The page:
Transition metal and rare earth element fluxes at two sites in the eastern tropical Pacific : relationship to ferromanganese nodule genesis Public Deposited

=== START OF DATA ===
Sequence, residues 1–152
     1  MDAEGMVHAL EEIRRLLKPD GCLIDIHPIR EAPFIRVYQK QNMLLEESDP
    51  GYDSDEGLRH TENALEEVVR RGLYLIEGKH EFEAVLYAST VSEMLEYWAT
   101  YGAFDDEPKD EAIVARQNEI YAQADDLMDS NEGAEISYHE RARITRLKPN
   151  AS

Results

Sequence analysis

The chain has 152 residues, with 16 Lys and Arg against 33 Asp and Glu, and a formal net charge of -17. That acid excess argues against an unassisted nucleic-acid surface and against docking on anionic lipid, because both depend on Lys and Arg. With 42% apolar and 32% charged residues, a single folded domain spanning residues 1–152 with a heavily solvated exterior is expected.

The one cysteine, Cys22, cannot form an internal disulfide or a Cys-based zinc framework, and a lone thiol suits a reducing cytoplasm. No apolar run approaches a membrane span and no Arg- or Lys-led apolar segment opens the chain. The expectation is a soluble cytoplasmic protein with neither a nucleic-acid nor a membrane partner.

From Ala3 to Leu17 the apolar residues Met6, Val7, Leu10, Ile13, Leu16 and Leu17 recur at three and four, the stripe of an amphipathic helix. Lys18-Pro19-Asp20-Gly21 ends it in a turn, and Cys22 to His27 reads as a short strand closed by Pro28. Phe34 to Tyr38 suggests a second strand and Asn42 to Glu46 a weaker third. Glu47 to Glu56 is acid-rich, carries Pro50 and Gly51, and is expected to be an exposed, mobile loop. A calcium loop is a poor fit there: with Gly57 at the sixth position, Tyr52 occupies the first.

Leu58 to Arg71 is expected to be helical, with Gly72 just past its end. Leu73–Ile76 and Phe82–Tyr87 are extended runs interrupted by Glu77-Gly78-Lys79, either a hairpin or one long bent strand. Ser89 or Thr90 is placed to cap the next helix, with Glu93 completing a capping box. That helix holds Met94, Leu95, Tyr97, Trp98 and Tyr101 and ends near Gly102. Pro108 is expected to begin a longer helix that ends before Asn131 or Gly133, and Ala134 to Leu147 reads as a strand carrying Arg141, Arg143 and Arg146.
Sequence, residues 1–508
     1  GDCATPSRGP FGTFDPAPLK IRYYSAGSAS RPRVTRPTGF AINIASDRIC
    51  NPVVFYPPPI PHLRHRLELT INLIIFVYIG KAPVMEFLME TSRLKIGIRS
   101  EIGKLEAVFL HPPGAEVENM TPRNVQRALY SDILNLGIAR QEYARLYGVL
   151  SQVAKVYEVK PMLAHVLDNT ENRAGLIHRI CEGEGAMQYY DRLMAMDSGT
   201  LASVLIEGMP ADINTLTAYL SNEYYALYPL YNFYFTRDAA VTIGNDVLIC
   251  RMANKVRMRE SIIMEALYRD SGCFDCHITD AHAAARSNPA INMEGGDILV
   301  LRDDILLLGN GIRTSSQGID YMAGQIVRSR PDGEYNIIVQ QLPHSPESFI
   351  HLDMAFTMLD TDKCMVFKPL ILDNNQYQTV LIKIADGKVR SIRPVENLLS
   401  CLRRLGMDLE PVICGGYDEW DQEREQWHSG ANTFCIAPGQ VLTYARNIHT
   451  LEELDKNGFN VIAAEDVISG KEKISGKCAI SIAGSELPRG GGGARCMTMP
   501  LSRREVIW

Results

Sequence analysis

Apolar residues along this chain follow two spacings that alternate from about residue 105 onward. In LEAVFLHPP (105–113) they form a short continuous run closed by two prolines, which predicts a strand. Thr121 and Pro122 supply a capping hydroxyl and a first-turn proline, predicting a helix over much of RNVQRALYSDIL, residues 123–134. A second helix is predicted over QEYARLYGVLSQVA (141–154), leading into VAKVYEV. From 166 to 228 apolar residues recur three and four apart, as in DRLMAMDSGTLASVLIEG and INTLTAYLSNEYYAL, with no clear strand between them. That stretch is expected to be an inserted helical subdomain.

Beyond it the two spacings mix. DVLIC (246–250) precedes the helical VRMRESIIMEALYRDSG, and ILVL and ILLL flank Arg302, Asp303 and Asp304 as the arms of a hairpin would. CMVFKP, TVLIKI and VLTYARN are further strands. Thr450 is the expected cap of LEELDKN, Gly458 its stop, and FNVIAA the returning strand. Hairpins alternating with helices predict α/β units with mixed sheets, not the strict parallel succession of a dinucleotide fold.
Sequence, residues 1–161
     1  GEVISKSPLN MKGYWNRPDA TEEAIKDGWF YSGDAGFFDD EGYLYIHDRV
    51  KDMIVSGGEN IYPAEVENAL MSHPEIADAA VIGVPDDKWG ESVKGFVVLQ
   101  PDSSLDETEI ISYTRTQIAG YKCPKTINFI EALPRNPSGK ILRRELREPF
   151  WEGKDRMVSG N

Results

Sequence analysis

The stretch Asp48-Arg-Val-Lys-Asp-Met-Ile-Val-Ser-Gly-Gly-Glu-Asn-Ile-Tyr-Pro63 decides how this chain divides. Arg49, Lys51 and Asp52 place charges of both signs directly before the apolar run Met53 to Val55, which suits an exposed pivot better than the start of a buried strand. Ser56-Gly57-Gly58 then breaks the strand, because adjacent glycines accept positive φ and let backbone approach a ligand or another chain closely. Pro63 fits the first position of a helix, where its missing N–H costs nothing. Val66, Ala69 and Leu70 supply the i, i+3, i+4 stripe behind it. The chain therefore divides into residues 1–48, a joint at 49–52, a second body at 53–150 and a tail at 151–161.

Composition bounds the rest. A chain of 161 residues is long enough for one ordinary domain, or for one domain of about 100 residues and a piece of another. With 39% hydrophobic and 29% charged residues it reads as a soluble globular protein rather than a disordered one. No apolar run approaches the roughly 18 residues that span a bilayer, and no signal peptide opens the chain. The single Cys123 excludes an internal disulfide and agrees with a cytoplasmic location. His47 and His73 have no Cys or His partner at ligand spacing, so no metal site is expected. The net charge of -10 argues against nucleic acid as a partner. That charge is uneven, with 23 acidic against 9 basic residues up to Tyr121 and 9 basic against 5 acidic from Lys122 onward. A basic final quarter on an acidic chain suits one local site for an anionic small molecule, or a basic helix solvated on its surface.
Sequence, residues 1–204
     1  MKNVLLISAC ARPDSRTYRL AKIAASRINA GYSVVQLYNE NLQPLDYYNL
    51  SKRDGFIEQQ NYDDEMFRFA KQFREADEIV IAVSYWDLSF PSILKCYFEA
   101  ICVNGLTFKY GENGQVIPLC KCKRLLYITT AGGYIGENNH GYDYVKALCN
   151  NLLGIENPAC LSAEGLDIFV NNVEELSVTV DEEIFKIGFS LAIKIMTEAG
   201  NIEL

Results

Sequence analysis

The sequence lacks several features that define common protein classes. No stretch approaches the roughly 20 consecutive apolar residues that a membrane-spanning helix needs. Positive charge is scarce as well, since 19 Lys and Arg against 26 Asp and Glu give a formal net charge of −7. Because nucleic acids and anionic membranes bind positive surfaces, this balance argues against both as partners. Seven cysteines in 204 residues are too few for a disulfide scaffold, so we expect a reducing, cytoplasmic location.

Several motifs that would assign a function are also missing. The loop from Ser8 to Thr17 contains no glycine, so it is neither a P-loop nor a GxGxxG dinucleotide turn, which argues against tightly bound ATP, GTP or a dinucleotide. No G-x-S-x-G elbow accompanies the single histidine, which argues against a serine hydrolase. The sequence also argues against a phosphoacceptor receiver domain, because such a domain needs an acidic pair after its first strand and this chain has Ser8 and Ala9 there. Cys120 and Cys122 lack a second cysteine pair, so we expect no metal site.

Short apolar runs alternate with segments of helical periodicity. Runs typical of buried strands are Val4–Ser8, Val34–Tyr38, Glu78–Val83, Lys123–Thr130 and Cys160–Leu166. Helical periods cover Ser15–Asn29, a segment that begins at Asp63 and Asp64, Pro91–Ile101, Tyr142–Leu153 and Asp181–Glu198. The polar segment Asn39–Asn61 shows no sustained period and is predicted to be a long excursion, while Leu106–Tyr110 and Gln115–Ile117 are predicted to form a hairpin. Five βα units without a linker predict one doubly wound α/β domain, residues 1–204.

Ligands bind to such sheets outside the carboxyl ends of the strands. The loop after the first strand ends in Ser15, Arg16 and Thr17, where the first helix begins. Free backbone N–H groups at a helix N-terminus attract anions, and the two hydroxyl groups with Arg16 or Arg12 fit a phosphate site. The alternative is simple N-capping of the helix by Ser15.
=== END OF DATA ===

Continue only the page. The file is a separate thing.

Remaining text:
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  • Transition metal and rare earth element (REE) data are presented for various sedimentary materials from two Manganese Nodule Program (MANOP) sites in the eastern tropical Pacific. These data constrain the sources of elemental supply to the seafloor and the processes that control ferromanganese nodule genesis. Investigation of elemental partitioning between suspended particles, sediments, ferromanganese nodules, crusts, and micronodules indicates that particle settling dominates REE supply to the seafloor at MANOP site H. Partitioning of the particle flux reveals that although detrital and labile particles both convey REE to H sediments and nodules, labile biogenic debris is the primary source of REE accreted by site H nodules. Evidence from REE abundance patterns and correlations of REE with other elements define three basic processes of nodule accretion: (1) hydrogenous or direct seawater precipitation; (2) oxic diagenesis, referring to a variety of ferromanganese accretion processes which occur in oxic sediments; and (3) suboxic diagenesis, in which Mn is mobilized by the oxidation of sedimentary organic matter. The REE geochemistry of site H nodules suggests an additional accretionary process, resulting from the degradation of labile organic matter in an oxic environment. Contrasts in REE patterns, major element compositions, and fluxes of various elements in sedimentary samples from MANOP site H (a nodule-bearing site) with site M (a nodule-free site) reveal differences in the sources of material to the seafloor in the two environments. Geochemical data imply a greater hydrothermal influence and a greater accumulation of organic carbon in site M sediments relative to those at site H. Comparisons of the REE and major element geochemistry of H and M sediment traps, sediments, and crusts, as well as nodules from site H, imply that the reductive mobilization of Mn and geochemically similar elements is controlled primarily by surface water biological productivity and the accumulation of organic carbon in the sediments. The organic flux to the sediments determines the degree of depletion of oxidants, which governs the reduction, mobilization, and supply of metals to nodule surfaces. It appears that the depth to the Mn redox boundary and possibly seasonal variations in the flux of organic material to the seafloor determine whether nodules grow or whether Mn is exported to bottom waters.
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